human rights democracy and historical memory in spain n.
Skip this Video
Loading SlideShow in 5 Seconds..
Human Rights, Democracy, and Historical Memory in Spain PowerPoint Presentation
Download Presentation
Human Rights, Democracy, and Historical Memory in Spain

Loading in 2 Seconds...

play fullscreen
1 / 21

Human Rights, Democracy, and Historical Memory in Spain - PowerPoint PPT Presentation

  • Uploaded on

Human Rights, Democracy, and Historical Memory in Spain. Sonia Foroudastan , Ranni Tewfik, and Emily Williams Summer 2013. Spanish Civil War ( Cazorla -Sanchez 65). 1936 – 1941 Republicans – loyal to the Spanish Republic Nationalists – loyal to Franco’s ideology and regime.

I am the owner, or an agent authorized to act on behalf of the owner, of the copyrighted work described.
Download Presentation

PowerPoint Slideshow about 'Human Rights, Democracy, and Historical Memory in Spain' - kiaria

An Image/Link below is provided (as is) to download presentation

Download Policy: Content on the Website is provided to you AS IS for your information and personal use and may not be sold / licensed / shared on other websites without getting consent from its author.While downloading, if for some reason you are not able to download a presentation, the publisher may have deleted the file from their server.

- - - - - - - - - - - - - - - - - - - - - - - - - - E N D - - - - - - - - - - - - - - - - - - - - - - - - - -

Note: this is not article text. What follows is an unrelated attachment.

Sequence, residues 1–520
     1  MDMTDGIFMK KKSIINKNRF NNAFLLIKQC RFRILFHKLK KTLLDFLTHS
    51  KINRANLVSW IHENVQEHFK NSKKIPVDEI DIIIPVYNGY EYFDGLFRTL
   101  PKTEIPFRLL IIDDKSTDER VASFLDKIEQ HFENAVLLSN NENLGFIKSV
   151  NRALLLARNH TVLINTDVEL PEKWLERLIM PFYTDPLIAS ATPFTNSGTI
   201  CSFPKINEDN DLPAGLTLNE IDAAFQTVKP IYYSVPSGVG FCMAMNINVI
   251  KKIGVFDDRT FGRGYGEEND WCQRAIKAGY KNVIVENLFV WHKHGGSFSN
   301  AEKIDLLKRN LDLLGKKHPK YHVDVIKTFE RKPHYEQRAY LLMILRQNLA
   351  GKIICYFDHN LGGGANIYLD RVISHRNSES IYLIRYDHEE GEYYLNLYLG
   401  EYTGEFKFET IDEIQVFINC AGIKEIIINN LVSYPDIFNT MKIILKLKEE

Presentation Transcript
human rights democracy and historical memory in spain

Human Rights, Democracy, and Historical Memory in Spain

Sonia Foroudastan, Ranni Tewfik, and Emily Williams

Summer 2013

spanish civil war cazorla sanchez 65
Spanish Civil War (Cazorla-Sanchez 65)
  • 1936 – 1941
  • Republicans – loyal to the Spanish Republic
  • Nationalists – loyal to Franco’s ideology and regime
post civil war and franco
Post-Civil War and Franco
  • 2003 – U.N. included Spain in human rights violation for all that were forced to disappear (Sanchez)
  • 2nd highest number of forced disappearances in the world, after Cambodia (Sanchez)
fight for historical memory
Fight for Historical Memory
  • “We must look into the past to understand the present.” – Bonifacio Sánchez
  • “This [Spain] is the only country in the world that does not look into its past and has made no attempt to confront the past.” – Bonifacio Sánchez
  • “Democracy’s duty is to give closure to the past.” – Soledad Luque
politics and religion
Politics and Religion
  • A common theme found throughout this course was the combination of politics and religion
  • Many of the unjust acts carried out during the Franco Regime were done in the name of the Catholic Church
mass graves garces
Mass Graves (Garces)
  • Mass graves were common throughout the Spanish Civil War and Franco’s Regime
  • The existence of mass graves was essentially unknown during Franco’s rule
  • Basically no records were kept on the identities of the graves or where they were located
mass graves garces1
Mass Graves (Garces)
  • Mass graves did not give family members of those who had died a chance to morn
  • Death and morning should be public and visual, however this was not an option for families
valley of the fallen
Valley of the Fallen
  • “The dead demand of us…that we keep alive for all the generations the lessons of History thus making the blood they so generously spilt fecund,…that their blood be the last shed in wars among Spaniards.”- Franco (Valis 425)
  • Spain’s new government attempted to reconcile the country and honor those who died on both sides of the war (Valis 425)
controversy over monument garces
Controversy over monument (Garces)
  • Bodies were moved from other mass graves to the Valley of the Fallen without family member’s permission or knowledge
  • Many are upset that Republicans, murdered for fighting for their beliefs, are buried in the same place as Franco
  • People still attempting to remove Franco’s grave from the Valley of the Fallen
valley of the fallen1
Valley of the Fallen